Before we get started, I want to take a moment to state that this is the last “diet” you will ever attempt. The formula is simple, and like most things: IF YOU DON’T PUT IN THE WORK, YOU’RE NOT GOING TO SEE THE RESULTS! ALL you have to do is be consistent, hit your “macros’, and throw in some effort. It WILL be that easy!
What’s outlined below is a step-by-step guide to get you started for the first week with flexible dieting. I am sure you’ve all heard of the terms “FLEXIBLE DIETING” AKA: IIFYM
Let’s start here: in case you don’t know, the acronym “IIFYM” means “if it fits your macros”. “Macros” or “macro” may also be a new term, but it’s easy to understand and through flexible-dieting, you will have your own set! “Macros” refer to a specified amount of protein, carbohydrates, and fats determined to help your body perform according to a set of goals. These macros help our bodies by providing energy, growth, metabolism speeds, and other natural bodily functions.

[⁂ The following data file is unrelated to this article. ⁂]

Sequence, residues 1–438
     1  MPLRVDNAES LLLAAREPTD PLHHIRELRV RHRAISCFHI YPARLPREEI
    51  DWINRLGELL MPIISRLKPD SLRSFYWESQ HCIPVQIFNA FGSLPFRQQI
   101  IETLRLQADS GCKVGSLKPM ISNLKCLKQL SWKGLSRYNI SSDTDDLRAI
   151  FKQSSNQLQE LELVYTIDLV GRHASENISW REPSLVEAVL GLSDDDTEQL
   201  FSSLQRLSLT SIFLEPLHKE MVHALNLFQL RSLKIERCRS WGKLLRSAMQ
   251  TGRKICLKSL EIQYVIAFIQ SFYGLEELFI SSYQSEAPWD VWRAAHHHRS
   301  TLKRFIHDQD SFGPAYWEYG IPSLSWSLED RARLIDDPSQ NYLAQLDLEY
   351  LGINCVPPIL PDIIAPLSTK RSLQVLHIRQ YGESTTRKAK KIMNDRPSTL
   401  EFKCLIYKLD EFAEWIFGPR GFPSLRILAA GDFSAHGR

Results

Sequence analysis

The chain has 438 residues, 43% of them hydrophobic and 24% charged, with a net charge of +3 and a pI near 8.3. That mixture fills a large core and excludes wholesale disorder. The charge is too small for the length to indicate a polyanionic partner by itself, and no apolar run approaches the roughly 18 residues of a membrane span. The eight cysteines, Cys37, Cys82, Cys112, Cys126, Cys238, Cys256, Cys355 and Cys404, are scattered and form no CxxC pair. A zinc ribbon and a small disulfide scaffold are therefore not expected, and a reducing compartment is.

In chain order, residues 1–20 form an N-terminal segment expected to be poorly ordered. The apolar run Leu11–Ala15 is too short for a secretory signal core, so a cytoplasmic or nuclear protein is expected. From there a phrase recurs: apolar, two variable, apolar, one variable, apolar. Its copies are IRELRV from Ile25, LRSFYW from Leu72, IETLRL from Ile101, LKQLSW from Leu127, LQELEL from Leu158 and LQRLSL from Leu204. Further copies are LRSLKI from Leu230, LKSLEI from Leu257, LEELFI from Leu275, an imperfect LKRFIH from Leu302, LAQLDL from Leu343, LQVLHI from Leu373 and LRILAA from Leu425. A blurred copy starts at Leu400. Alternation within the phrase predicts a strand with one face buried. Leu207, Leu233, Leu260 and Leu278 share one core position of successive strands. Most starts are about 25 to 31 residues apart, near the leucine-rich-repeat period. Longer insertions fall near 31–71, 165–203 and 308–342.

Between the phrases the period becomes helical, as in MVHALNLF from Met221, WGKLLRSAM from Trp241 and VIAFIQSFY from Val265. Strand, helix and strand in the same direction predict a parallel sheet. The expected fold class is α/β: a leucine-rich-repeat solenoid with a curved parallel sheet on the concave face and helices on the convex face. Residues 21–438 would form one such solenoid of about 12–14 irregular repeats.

Now, to dig a little deeper into this explanation: each element of a set of macros, has its own macronutrient profile – the certain amount of calories in each gram. This idea is defined below:
Protein = 4 kcal’s per gram
Carbs 4 kcal’s per gram
Fats = 9 kcal’s per gram
Alcohol: We often forget about alcohol when it comes to tracking our macronutrients. It’s not specifically a separate macronutrient, but it has 7 kcal’s per gram.
Flexible dieting is literal: it is all about eating with flexibility, so that ALL foods can be factored into daily intake, NO RESTRICTIONS! However, this does mean that one should attempt to eat only hamburgers, fries, pizza and ice cream according to their macros? Definitely not! It is important to meet our daily fiber needs and intake a variety of whole and nutrient-dense foods, as well as micronutrients and vitamins for our bodies to function properly.